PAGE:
There’s nothing happy about Memorial Day. It’s a day of somber reflection for those brave souls whose graves we mark with Old Glory this time every year. We owe them, at a minimum, 3 minutes at 3:00pm remembering their sacrifice. 

We also need to remember the sacrifices paid by the families whose loved ones will never return. As some have stated well, if we don’t we risk seeing freedom as a birthright and forgetting it comes at a profound price. 

Americans should understand that freedom takes every instrument of our national power: diplomacy, information, our military, and our economy…and we’re good at it! But there are times when it takes even more…it takes the blood of men and women willing to face down the enemy’s gun barrel. 

So we owe it to these heroes to thank the good Lord daily for them and if not, do we deserve to enjoy the fruits of their full measure of devotion? 

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Thoughts Matter

“The man who thinks he can and the man who thinks he can’t are both right.” 

— Confucius

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Heard Recently…

– God is a great travel agent but He’s not big on itineraries

– Mountain top experiences are preparation for valley work

– Man complicates, God simplifies

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Letter from a Birmingham Jail: A Call to Service

“Life’s most persistent and urgent question is, ‘What are you doing for others?” -Martin Luther King, Jr.

In April 1963, Martin Luther King, Jr. was imprisoned in Birmingham Alabama for participating in a nonviolent demonstration against segregation. As we all took time to ponder his work, message, and dream yesterday, I also took time to read one of his writings (something I’ve tried to do every year).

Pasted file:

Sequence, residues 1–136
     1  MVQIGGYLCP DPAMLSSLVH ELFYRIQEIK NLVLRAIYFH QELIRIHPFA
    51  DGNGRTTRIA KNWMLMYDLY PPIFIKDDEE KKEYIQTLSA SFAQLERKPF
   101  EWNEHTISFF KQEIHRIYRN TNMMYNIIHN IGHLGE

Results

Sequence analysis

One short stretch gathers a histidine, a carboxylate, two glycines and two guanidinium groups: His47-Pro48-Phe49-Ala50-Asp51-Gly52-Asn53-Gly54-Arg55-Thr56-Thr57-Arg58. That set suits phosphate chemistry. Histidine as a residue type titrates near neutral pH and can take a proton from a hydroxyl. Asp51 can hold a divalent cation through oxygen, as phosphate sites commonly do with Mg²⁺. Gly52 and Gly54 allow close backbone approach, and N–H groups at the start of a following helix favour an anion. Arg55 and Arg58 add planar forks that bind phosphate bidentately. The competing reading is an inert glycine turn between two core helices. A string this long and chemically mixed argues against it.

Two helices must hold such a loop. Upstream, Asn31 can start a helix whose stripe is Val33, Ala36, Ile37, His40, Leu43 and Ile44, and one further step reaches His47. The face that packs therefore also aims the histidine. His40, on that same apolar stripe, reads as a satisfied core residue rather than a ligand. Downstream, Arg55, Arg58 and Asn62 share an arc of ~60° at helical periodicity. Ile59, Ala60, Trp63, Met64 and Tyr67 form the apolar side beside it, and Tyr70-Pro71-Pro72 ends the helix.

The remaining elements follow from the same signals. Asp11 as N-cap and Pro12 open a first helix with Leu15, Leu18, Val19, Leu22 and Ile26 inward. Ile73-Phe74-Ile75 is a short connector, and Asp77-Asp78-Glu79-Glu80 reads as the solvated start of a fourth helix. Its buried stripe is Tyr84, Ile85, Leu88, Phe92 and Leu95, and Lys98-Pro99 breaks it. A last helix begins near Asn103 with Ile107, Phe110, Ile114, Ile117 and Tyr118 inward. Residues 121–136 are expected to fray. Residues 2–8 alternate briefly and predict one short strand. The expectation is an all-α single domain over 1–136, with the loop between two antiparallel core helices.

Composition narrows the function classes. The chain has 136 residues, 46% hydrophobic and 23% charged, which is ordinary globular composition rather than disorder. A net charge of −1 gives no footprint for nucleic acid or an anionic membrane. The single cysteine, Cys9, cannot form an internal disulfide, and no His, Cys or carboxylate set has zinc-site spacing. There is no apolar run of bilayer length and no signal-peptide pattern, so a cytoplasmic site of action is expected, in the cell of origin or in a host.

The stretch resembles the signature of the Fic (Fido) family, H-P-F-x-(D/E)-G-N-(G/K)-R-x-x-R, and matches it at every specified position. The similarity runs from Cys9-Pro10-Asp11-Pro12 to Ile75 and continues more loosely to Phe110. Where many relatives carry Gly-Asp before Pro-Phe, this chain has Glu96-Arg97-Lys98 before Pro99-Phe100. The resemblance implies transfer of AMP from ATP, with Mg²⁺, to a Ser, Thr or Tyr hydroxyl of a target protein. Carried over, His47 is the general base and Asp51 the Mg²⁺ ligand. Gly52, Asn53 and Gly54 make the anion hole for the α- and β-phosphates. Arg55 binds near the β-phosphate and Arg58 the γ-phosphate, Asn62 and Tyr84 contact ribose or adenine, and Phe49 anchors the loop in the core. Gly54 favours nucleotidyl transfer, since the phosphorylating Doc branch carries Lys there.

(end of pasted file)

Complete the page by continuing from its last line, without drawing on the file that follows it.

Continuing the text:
At the time of his imprisonement, religious leaders in the south penned a public statement expressing concern and caution that his nonviolent protests would lead to violence and that instead, he should let the courts handle the issues. His letter from Birmingham jail was his response to those religious leaders and is a must read for us today. As I read it again and again, some quotes really jumped out at me; quotes we’ve all heard time and time again and are apropo today.

“Injustice anywhere is a threat to justice everywhere.”

“I am sure that each of you would want to go beyond the superficial social analyst who looks merely at effects and does not grapple with underlying causes.”

“History is the long tragic story of the fact that privileged groups seldom give up their privileges voluntarily.”

“…freedom is never voluntarily given by the oppressor; it must be demanded by the oppressed.”

“…justice too long delayed is justice denied.”

“Shallow understanding from people of good will is more frustrating than absolute misunderstanding from people of ill will.  Lukewarm acceptance is much more bewildering than outright rejection.”